The thickness a of each of the first and second vapor barrier layers may preferably be in the range of 0.001 to 0.250 inches depending upon the material selected for the vapor barrier layers. The thickness b of the layer 28 of fibrous thermal insulating material may preferably be in the range of 0.02 to 1.00 inches. It is desirable that the thickness of the fibrous thermal insulating material not be increased substantially above this range, since to do so would increase the likelihood of convection currents developing within the layer 28, which currents would cause deterioration of its insulative properties.

It will be appreciated that by bonding the layers 24 and 26 to the outer surfaces of layer 28, the fibrous layer 28 is dimensionally stabilized. Additionally, the properties of layer 28 may be adjusted or altered somewhat in that such construction frees layer 28 from the requirement that the insulating material be strong enough to withstand forces during use which would tend to pull it apart. Less fibrous material content per square inch may, in some instances, be used where layers 24 and 26 are bonded to layer 28, since the sole function of the material in layer 28 in such a construction is to separate layers 24 and 26 by the desired distance and thus entrap air.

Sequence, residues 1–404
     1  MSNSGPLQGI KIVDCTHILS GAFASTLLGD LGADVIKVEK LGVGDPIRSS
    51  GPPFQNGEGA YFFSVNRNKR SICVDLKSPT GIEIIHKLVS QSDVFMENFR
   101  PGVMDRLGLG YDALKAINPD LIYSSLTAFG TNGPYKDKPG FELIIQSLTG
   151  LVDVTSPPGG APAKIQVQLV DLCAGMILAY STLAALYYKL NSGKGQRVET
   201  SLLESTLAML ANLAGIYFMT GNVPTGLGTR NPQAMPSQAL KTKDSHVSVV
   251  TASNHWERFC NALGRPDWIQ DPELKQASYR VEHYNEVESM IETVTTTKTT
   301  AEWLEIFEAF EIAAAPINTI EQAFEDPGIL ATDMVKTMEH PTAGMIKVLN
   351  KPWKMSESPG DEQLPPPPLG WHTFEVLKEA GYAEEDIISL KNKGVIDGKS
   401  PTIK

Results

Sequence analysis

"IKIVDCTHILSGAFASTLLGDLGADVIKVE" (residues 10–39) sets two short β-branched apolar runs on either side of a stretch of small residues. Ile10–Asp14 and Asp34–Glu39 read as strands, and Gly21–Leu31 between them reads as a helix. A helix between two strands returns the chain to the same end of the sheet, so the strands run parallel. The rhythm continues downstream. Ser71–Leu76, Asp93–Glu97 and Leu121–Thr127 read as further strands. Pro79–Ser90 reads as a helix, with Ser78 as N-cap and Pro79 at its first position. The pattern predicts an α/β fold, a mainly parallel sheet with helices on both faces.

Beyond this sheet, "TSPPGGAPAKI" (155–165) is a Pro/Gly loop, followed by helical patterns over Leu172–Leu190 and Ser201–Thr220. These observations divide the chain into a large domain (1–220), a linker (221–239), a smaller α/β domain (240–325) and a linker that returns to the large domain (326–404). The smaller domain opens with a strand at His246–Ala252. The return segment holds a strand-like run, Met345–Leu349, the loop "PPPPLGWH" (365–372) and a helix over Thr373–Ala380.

Vapor barrier layer 26 prevents moisture from the external environment from either wetting the fibrous material 28 or the air which is trapped in this layer, while the vapor barrier 24 prevents the sweat from the fire fighter's body from wetting either the fibrous layer 28 or the air which is trapped in this layer. As a consequence, the thermal insulation effects of the liner do not deteriorate during usage of the liner.

While the form of apparatus herein described constitutes a preferred embodiment of the invention, it is to be understood that the invention is not limited to this precise form of apparatus, and that changes may be made therein without departing from the scope of the invention.

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Reference
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Classifications
U.S. Classification2/81, 2/97
International ClassificationB32B15/14, A41D27/02, A62B17/00, A41D31/02, A41D31/00
Cooperative ClassificationA41D27/02, A41D31/0027, A41D31/02, B32B15/14, A41D31/0038, A62B17/003
European ClassificationB32B15/14, A41D31/00C6L, A41D27/02, A62B17/00D, A41D31/02, A41D31/00C4L
Legal Events
DateCodeEventDescription
Sep 4, 1996FPAYFee payment
Year of fee payment: 12
Sep 1, 1992FPAYFee payment
Year of fee payment: 8
Sep 6, 1988FPAYFee payment
Year of fee payment: 4
Mar 21, 1986ASAssignment
Owner name: LION APPAREL, INC.
Free format text: CHANGE OF NAME;ASSIGNOR:LION UNIFORM, INC.;REEL/FRAME:004520/0198
Effective date: 19851204
Aug 30, 1982ASAssignment
Owner name: LION UNIFORM, INC., 2735 KEARNS AVE., DAYTON, OHIO
Free format text: ASSIGNMENT OF ASSIGNORS INTEREST.;ASSIGNORS:LAPEDES, RICHARD W.;VEGHTE, JAMES H.;REEL/FRAME:004041/0697
Effective date: 19820827